As I've committed to writing every single day, you can imagine that there have been throwaways from time to time. It will be right before I'm supposed to go to sleep, and all I want to do is splash down a big enough chunk of words to feel like I did my duty. This is especially tempting when I know I've got a backlog of a few good posts, so I won't need to rely on whatever I write.
Sometimes, though, these throwaways come out really well. Maybe it's random chance, maybe it's repetition, or maybe it's the unburdened context of writing a post that's just going to be thrown away anyway. Some of my favorite posts are those which I originally thought would be trashed. I'm getting the benefits of training my brain, but also high-quality output.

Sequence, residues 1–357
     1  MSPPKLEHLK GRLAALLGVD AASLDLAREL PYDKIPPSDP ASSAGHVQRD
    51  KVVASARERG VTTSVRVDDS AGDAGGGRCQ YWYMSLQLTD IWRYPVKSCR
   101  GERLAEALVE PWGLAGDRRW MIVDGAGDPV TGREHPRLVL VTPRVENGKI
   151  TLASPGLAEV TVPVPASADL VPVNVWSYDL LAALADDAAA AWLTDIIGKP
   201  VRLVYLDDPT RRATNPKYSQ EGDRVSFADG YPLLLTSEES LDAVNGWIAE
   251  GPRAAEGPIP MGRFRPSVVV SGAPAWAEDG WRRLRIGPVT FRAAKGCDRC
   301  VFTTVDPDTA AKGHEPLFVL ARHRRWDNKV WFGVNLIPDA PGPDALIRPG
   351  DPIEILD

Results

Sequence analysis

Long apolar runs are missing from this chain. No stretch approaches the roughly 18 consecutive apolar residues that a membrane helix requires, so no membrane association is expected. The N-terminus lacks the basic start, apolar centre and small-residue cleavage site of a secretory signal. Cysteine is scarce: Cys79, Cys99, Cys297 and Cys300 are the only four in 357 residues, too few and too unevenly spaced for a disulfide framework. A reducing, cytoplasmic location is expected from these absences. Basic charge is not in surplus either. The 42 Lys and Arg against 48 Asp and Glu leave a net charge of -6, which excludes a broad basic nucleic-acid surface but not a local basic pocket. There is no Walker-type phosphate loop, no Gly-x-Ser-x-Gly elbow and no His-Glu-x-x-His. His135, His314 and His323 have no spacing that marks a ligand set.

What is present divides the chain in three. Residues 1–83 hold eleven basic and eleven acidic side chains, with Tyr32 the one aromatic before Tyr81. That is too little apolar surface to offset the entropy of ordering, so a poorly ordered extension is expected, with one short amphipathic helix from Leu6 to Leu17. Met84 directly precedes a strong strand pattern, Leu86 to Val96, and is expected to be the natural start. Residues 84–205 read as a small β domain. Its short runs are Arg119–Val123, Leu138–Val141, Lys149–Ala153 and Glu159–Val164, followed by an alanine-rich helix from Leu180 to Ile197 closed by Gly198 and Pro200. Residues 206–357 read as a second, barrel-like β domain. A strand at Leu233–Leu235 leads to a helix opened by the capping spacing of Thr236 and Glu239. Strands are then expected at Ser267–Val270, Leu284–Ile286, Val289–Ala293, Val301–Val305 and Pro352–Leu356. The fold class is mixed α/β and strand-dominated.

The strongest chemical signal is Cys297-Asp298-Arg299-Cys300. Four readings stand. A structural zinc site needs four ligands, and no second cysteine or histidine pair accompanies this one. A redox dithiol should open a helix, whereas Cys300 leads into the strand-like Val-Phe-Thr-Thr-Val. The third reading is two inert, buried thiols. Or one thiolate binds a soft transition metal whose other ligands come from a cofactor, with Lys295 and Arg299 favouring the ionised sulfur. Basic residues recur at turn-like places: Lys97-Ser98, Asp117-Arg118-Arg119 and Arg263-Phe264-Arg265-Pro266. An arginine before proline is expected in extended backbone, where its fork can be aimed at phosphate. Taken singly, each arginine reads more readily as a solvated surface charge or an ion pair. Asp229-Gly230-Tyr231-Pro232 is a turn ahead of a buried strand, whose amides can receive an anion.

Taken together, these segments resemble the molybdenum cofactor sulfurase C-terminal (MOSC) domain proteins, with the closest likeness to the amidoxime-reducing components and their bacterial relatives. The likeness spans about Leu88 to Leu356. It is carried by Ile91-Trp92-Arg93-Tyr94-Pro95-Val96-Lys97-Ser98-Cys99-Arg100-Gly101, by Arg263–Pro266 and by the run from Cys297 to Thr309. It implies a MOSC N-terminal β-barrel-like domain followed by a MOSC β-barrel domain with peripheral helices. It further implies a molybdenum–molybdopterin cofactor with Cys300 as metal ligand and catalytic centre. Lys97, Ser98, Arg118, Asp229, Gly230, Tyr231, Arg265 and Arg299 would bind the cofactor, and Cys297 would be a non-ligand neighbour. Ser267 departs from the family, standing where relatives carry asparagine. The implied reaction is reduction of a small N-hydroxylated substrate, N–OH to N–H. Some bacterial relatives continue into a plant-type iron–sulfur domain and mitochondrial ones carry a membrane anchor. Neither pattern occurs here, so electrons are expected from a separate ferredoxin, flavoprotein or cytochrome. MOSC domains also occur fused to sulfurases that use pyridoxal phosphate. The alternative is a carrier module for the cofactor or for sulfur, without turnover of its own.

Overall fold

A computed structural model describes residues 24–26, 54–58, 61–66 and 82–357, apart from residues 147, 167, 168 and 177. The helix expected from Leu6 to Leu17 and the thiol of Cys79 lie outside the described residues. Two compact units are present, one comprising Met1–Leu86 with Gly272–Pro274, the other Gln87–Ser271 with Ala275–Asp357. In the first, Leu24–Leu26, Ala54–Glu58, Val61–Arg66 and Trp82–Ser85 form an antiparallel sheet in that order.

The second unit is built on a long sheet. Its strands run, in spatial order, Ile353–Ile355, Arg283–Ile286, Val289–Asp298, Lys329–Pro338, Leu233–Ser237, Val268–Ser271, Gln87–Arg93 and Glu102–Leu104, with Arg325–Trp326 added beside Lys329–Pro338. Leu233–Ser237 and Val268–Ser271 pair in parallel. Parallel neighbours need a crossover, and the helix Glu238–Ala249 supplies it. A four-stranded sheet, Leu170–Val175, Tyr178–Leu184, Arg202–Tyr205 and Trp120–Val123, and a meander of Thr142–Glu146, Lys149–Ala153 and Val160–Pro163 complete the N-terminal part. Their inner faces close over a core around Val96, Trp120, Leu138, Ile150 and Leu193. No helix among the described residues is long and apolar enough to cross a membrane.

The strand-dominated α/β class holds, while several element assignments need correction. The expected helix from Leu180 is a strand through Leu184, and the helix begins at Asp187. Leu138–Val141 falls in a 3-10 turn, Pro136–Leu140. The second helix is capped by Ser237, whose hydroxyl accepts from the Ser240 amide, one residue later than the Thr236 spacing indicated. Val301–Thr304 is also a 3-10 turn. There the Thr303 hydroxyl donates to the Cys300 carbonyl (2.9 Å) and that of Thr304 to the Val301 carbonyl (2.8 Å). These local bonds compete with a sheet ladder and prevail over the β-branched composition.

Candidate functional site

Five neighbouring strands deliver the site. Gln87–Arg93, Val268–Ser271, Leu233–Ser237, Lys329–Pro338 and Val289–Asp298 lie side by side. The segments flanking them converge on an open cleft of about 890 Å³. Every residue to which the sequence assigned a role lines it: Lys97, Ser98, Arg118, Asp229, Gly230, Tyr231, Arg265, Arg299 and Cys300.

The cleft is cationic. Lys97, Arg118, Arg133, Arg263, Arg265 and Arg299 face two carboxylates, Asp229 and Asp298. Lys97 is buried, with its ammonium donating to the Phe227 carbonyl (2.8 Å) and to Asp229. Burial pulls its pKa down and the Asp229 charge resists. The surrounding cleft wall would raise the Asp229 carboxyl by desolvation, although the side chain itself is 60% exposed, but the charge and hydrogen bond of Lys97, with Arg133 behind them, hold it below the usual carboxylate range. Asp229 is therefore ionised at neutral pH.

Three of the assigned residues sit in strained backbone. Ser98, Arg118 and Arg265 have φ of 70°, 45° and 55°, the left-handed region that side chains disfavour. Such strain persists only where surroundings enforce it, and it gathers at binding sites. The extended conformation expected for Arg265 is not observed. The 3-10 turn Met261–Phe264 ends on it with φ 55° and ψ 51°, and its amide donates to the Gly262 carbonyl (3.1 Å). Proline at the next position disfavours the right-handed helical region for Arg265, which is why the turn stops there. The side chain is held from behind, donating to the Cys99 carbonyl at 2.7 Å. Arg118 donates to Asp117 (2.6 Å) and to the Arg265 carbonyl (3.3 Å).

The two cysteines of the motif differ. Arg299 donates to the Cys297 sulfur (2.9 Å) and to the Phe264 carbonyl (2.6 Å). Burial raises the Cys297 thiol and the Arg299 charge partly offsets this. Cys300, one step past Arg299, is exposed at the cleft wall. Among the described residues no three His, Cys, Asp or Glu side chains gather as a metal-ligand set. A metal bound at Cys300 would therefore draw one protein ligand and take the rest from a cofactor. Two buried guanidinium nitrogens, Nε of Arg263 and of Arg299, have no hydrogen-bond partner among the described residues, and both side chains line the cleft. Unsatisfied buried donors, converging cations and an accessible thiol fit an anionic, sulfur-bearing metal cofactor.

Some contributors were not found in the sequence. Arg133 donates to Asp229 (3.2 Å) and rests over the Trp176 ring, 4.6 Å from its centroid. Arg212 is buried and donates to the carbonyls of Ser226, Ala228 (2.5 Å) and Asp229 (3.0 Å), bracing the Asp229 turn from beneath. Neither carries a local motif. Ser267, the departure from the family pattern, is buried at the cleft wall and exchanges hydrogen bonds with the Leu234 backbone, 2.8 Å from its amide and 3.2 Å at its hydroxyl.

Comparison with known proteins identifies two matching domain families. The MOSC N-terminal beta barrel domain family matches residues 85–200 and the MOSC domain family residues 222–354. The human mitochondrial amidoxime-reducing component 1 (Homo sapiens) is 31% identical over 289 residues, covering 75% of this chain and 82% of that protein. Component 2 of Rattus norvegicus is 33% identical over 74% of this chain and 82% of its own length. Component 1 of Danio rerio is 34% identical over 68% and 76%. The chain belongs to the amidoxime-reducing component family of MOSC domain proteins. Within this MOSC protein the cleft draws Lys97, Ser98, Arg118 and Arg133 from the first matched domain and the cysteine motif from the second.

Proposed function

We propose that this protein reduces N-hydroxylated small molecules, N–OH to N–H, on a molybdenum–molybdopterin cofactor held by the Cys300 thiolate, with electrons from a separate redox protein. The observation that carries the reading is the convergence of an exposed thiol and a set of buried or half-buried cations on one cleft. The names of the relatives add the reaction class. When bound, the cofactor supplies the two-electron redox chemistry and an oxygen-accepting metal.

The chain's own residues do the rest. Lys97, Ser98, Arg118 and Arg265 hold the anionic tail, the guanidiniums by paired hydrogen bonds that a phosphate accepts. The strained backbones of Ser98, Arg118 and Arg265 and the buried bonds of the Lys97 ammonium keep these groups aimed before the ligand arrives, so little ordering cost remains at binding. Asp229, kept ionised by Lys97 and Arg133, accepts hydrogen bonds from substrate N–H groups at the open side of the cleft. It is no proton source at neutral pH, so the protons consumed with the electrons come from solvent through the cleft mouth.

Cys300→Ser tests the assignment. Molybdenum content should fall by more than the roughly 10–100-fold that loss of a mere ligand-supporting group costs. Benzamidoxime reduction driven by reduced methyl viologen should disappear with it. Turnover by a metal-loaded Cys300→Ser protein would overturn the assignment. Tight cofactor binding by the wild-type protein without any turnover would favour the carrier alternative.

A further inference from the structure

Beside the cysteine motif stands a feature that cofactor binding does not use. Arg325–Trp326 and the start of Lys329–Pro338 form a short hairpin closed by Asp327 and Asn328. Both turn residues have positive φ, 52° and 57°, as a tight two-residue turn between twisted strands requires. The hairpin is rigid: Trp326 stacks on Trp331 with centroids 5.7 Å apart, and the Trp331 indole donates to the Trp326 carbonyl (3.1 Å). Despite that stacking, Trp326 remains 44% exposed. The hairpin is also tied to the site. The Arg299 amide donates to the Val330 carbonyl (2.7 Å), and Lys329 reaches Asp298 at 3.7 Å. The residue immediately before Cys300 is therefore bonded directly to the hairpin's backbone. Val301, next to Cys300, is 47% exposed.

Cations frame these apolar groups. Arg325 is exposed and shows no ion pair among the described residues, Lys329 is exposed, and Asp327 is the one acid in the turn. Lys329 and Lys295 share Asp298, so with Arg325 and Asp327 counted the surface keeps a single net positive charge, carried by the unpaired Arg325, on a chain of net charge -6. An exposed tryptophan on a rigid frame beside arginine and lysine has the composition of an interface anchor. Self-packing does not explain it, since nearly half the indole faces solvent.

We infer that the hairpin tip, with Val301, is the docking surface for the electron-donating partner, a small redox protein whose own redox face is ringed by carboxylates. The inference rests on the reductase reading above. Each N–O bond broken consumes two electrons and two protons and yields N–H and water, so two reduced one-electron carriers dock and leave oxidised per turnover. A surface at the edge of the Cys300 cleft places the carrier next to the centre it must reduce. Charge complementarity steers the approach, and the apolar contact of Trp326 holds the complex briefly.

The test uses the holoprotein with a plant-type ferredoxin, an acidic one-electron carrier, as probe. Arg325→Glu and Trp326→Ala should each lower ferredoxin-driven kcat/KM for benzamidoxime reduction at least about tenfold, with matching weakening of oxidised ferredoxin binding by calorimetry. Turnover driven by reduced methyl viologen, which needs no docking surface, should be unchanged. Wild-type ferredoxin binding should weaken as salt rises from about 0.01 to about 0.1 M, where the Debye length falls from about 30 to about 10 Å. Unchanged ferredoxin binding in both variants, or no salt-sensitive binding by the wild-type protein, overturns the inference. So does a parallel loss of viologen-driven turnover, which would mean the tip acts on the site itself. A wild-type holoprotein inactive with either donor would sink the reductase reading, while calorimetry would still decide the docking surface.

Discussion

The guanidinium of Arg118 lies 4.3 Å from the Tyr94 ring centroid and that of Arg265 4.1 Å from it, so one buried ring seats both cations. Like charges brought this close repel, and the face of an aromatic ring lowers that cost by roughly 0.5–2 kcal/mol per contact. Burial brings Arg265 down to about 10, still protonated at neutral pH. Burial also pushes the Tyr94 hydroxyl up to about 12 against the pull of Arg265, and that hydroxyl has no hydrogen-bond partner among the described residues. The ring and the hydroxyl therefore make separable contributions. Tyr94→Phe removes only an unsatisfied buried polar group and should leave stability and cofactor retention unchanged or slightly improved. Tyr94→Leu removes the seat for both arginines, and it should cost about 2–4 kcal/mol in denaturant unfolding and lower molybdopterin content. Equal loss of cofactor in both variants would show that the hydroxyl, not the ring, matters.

My cousins, who are mostly younger girls, and I just finished watching season 18 of The Ultimate Fighter together. My brother is a big UFC fan and bought the pay-per-view fight last Christmas between, amongst other people, Ronda Rousey and Meisha Tate. That fight hooked all of us.
A lot of the show is real-world style nonsense that we'd sometimes talk over or fast forward through, but it had a lot of great fights and some insight into Ronda Rousey, who is really a remarkable individual. Her mother was a judo champion, she was a judo champion, and now she's the best female fighter in her class. Besides all that, she has incredible discipline and attitude.
My favorite quote from her was when someone, a favorite to win, was slacking off a bit. She told them that they weren't training to win this fight or even to be the best; they were training to be the best on their worst day.
Wow. Training to be the best on your worst day. A lot about this idea appeals to me. I like hardcore mindsets and the pursuit of excellence, and I'm a strong believer in the idea that your true measure is your performance on bad days.